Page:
The irony of the title of this book is that Gil Hodges has never been elected to the Baseball Hall of Fame, even though many close observers of his career have long contended that he deserves a spot in the Cooperstown shrine. Besides being an outstanding first baseman for the Dodgers, Hodges managed the 1969 Miracle Mets to a World Series championship. It was the class and integrity with which Hodges comported himself both in and out of baseball that elevates him in many eyes and is an underlying theme of this exhaustively researched biography.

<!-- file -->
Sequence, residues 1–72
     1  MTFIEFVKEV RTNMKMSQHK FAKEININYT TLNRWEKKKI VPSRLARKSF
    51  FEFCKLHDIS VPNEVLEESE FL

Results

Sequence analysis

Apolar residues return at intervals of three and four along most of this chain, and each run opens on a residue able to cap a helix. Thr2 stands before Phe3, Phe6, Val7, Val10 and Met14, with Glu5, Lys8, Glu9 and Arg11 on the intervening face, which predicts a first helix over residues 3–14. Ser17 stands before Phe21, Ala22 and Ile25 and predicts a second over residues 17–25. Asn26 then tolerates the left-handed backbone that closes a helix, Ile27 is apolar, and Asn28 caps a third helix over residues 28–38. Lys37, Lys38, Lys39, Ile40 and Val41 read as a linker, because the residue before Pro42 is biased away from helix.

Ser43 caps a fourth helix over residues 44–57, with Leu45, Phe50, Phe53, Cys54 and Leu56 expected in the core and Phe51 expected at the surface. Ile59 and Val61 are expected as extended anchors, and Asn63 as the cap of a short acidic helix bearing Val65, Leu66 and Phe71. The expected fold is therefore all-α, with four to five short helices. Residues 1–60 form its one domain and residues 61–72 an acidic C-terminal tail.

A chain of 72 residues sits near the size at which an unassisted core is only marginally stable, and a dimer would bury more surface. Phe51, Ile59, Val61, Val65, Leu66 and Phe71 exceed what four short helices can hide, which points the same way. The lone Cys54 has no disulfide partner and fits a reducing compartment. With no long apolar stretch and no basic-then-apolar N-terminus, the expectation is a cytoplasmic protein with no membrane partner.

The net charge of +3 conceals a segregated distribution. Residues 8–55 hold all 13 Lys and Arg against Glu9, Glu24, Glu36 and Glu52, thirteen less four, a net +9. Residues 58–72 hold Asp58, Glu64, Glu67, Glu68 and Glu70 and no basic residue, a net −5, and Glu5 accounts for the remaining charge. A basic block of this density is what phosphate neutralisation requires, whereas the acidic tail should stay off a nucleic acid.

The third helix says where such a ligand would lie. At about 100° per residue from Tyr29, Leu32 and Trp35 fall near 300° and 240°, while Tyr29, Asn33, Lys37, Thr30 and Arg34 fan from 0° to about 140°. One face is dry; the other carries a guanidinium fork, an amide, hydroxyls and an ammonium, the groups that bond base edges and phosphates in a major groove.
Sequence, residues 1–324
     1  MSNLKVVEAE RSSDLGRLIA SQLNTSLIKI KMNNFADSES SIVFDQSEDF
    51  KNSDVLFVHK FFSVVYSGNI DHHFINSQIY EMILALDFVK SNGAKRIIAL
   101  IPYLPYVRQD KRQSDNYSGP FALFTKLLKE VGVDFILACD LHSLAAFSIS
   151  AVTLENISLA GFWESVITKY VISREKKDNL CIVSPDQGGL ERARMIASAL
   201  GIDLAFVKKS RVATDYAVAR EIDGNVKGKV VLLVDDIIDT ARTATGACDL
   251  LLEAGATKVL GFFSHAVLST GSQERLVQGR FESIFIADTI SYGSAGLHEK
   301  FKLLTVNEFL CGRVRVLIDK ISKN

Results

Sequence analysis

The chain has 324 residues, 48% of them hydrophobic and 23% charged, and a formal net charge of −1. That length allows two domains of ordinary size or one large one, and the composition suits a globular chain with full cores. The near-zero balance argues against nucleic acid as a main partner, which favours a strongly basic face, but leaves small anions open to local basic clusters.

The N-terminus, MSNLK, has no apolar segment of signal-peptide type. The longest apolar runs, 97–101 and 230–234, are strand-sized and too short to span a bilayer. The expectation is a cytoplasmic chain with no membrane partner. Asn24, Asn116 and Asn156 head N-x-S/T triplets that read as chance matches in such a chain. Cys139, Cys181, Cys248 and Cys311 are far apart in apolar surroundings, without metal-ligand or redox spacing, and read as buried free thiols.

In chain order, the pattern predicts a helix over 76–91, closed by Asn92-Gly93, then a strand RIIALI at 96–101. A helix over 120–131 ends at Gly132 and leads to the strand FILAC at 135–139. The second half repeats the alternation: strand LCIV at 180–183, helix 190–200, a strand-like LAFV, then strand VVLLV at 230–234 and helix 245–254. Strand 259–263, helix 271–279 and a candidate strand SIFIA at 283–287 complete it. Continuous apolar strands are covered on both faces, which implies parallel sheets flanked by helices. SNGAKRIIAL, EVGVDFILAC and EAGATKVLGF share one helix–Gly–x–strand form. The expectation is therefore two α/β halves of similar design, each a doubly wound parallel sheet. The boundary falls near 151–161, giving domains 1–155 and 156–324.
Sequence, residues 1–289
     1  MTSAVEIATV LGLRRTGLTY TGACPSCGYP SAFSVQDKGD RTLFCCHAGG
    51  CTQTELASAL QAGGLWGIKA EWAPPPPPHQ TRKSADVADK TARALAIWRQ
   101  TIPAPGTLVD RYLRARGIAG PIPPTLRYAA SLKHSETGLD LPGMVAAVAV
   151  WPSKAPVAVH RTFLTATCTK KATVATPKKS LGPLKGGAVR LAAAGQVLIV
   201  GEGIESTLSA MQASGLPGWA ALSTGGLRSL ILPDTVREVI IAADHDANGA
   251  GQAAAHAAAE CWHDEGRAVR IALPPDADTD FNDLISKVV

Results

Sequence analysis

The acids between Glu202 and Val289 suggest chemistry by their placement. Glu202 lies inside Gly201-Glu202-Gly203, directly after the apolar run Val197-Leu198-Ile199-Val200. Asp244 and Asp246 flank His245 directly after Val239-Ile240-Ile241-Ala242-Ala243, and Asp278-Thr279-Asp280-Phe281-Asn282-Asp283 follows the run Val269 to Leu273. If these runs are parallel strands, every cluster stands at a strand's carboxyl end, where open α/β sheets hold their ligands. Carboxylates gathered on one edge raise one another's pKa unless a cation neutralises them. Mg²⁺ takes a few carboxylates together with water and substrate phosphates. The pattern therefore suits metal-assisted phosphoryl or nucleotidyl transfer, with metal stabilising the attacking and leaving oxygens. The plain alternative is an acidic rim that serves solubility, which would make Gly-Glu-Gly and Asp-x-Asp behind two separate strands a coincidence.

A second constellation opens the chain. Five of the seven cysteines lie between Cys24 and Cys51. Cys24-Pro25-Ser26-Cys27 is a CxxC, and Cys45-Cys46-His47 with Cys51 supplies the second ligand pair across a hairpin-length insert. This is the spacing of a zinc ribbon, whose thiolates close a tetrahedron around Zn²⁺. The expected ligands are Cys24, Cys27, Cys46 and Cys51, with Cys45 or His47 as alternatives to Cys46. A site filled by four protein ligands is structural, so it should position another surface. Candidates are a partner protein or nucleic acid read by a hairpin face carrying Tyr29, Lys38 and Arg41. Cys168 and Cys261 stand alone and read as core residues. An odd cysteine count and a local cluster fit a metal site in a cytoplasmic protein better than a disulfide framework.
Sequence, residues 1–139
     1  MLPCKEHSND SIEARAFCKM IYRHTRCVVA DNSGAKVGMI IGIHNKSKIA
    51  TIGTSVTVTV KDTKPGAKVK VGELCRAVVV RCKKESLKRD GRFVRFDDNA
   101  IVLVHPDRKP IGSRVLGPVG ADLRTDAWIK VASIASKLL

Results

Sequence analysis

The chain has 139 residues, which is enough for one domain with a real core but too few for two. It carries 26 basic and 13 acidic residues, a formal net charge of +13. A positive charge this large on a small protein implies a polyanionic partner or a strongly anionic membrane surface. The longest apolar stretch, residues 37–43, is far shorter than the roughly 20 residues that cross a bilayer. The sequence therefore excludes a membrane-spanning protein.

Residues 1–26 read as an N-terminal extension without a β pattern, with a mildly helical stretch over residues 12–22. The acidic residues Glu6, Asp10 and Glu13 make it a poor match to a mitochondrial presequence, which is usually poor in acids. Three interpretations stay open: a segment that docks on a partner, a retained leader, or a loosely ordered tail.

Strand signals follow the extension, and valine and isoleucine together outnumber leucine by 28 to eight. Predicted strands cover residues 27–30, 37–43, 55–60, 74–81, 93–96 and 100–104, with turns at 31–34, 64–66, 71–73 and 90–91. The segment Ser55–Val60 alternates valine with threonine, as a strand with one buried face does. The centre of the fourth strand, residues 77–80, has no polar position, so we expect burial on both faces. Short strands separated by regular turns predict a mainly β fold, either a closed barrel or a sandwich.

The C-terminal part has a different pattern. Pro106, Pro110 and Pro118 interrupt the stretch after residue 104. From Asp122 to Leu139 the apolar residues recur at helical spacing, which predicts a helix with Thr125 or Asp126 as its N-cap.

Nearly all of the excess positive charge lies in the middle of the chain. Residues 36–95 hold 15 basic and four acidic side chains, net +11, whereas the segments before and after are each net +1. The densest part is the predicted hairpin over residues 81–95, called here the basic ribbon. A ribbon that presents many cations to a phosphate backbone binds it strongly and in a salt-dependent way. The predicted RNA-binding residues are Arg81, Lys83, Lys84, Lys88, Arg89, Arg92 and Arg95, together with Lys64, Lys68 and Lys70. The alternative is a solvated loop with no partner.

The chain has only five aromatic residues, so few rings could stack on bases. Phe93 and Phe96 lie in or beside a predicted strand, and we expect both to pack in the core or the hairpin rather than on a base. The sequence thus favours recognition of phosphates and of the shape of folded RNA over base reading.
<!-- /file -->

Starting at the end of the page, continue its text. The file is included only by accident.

Here's an excerpt from "Gil Hodges":
“After games, [Jackie] Robinson and his white teammates went their separate ways. But at some point early in their friendship, and especially after Hodges married in 1948, the Robinsons and Hodges began to spend time together away from the ballpark. Like Hodges, Robinson was no night owl, and the two men had much in common.
“‘Gil was one of the first and only ones we socialized with,’ Robinson’s wife, Rachel, told me. ‘He was quiet, friendly, warm – you could count on him. And you didn’t have to ask for help from Gil ... he anticipated what you needed and was there for you.’ ”